Why no warnings when re-assigning builtin names?

Seebs usenet-nospam at seebs.net
Wed Aug 17 18:33:06 CEST 2011

On 2011-08-17, Steven D'Aprano <steve+comp.lang.python at pearwood.info> wrote:
> On Wed, 17 Aug 2011 01:17 pm Seebs wrote:
> [...]
>> "Another" scope is normally a horizontal thing -- you're talking about
>> a different scope such that you are *either* in this one *or* in that
>> one.

>> Built-ins are not in a scope you are never not in.

> That's technically incorrect. Built-ins are a scope you are never in, if
> by "in" you mean "code is executed in this scope".

No, by "in" I mean "lookups from your code will reach this scope if they
don't find something sooner".

>> Hmm.  See, I've never reached that, in Python or any other language.  I
>> figure it creates a new potential for confusion, and that I would rather
>> avoid any ambiguity.  I don't *like* ambiguity in code.

> Ah, well you see the thing is, this is Python. As soon as you call any
> function you don't control, you no longer know what your environment is
> with any certainty. For all you know, the harmless-looking function is
> monkey-patching builtins like there's no tomorrow. Speaking broadly,
> perhaps too broadly, we're incredibly proud of the ability to modify nearly
> everything at runtime.


> Fortunately, while we are proud of having that ability, actually *using* it
> is considered a mortal sin. We're not Ruby developers -- if you actually
> monkey-patch something, especially built-ins, you can expect to be taken
> outside and slapped around with a fish if you get caught.

Okay, so.

Here's what I don't get.

If it's such a bad thing, *why is it allowed*?  Why are you proud of the
ability to do something that you are never socially-allowed to do?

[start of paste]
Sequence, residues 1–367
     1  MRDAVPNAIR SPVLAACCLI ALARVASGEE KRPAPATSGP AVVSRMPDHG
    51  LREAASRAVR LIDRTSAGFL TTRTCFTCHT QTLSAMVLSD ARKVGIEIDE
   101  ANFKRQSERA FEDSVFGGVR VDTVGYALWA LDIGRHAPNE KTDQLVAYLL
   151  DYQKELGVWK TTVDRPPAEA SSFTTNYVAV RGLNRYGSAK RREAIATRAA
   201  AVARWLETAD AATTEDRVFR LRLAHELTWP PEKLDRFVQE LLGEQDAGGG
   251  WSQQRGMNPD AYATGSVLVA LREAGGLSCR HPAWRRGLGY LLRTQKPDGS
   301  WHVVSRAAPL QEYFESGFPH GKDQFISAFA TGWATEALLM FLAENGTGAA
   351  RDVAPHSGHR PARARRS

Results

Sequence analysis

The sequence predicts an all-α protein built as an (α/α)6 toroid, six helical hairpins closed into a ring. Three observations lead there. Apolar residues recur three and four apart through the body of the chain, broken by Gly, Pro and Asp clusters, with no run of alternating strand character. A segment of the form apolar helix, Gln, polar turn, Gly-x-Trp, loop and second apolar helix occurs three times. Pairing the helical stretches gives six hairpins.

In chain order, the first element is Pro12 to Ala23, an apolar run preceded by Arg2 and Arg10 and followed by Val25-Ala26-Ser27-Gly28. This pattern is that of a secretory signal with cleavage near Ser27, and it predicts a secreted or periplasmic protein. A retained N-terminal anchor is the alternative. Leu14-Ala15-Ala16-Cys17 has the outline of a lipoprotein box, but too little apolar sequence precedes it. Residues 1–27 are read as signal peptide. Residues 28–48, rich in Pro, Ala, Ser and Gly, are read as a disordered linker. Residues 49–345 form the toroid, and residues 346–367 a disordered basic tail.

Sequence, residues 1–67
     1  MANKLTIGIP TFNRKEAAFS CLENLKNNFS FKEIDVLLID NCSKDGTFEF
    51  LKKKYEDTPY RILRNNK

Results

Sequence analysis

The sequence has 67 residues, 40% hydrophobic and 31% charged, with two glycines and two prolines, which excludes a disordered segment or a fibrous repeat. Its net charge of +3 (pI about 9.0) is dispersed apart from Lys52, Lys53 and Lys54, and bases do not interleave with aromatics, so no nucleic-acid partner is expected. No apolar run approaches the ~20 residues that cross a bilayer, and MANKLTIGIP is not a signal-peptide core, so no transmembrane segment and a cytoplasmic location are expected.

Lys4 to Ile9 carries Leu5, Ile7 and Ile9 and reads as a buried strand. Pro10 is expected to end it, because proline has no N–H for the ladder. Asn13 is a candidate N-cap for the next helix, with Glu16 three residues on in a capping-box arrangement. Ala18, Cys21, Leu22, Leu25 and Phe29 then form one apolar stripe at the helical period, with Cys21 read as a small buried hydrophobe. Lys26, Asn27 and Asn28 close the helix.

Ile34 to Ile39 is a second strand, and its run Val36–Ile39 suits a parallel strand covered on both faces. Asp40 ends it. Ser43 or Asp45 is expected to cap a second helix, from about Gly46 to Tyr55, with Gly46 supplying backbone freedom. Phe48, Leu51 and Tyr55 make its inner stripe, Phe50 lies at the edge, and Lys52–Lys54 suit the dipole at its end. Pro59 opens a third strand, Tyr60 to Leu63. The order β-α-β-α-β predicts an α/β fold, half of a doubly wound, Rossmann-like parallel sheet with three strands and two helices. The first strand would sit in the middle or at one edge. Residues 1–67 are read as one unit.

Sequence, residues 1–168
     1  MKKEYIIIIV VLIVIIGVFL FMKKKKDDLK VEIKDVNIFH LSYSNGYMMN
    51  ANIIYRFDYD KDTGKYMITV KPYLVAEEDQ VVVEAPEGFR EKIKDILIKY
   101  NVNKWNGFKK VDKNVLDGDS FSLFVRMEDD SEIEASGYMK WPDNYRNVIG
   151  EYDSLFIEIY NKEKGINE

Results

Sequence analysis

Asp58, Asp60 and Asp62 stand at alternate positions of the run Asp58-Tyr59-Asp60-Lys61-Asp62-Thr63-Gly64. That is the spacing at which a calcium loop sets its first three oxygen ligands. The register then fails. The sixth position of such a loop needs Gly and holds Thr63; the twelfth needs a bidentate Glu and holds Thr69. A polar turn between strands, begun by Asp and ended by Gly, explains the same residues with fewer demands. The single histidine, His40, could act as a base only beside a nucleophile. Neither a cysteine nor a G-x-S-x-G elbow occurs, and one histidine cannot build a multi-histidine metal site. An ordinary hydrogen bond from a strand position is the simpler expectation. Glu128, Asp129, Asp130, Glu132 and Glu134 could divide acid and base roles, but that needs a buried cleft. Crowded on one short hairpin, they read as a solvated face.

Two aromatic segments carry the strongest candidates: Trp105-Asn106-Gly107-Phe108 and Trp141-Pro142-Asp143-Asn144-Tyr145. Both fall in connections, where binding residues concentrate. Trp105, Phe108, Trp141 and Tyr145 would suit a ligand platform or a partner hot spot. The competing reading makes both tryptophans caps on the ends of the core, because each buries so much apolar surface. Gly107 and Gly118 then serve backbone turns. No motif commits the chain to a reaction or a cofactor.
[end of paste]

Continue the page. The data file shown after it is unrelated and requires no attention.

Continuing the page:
I have mixed feelings about Ruby's general tolerance for monkey-patching,
although I've seen it do some pretty awesome things, so I am somewhat
inclined to accept that it may be worth it.  But it's clearly a feature
which is used intentionally.

It sounds to me like Python is very proud of having a feature which no
one would ever use.  ... Why?

> Sure. But they can't have that certainty regardless of whether you shadow
> something, because how do they know whether you've shadowed it or not?

Well, they could trust me.  :)

> In theory, anything could be anything at any time, and you have no
> protection. In practice, I worry more about being eaten by
> genetically-engineered flying piranhas than about rogue monkey-patching
> code.

I do too, if I know that people don't shadow built-ins.  If I know that
people are shadowing built-ins, then some of the time, when I'm editing
other peoples' code, they HAVE effectively monkey-patched it.

Copyright 2011, all wrongs reversed.  Peter Seebach / usenet-nospam at seebs.net
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